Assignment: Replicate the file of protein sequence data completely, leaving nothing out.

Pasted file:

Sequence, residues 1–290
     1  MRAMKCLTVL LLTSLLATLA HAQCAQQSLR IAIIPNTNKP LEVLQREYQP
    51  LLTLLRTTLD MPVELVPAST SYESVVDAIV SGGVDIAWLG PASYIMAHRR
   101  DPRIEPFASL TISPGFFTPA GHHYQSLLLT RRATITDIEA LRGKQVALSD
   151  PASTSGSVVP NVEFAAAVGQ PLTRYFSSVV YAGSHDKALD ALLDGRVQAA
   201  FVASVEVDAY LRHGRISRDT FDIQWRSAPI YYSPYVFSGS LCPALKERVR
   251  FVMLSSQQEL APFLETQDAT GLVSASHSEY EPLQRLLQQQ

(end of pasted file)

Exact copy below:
Sequence, residues 1–290
     1  MRAMKCLTVL LLTSLLATLA HAQCAQQSLR IAIIPNTNKP LEVLQREYQP
    51  LLTLLRTTLD MPVELVPAST SYESVVDAIV SGGVDIAWLG PASYIMAHRR
   101  DPRIEPFASL TISPGFFTPA GHHYQSLLLT RRATITDIEA LRGKQVALSD
   151  PASTSGSVVP NVEFAAAVGQ PLTRYFSSVV YAGSHDKALD ALLDGRVQAA
   201  FVASVEVDAY LRHGRISRDT FDIQWRSAPI YYSPYVFSGS LCPALKERVR
   251  FVMLSSQQEL APFLETQDAT GLVSASHSEY EPLQRLLQQQ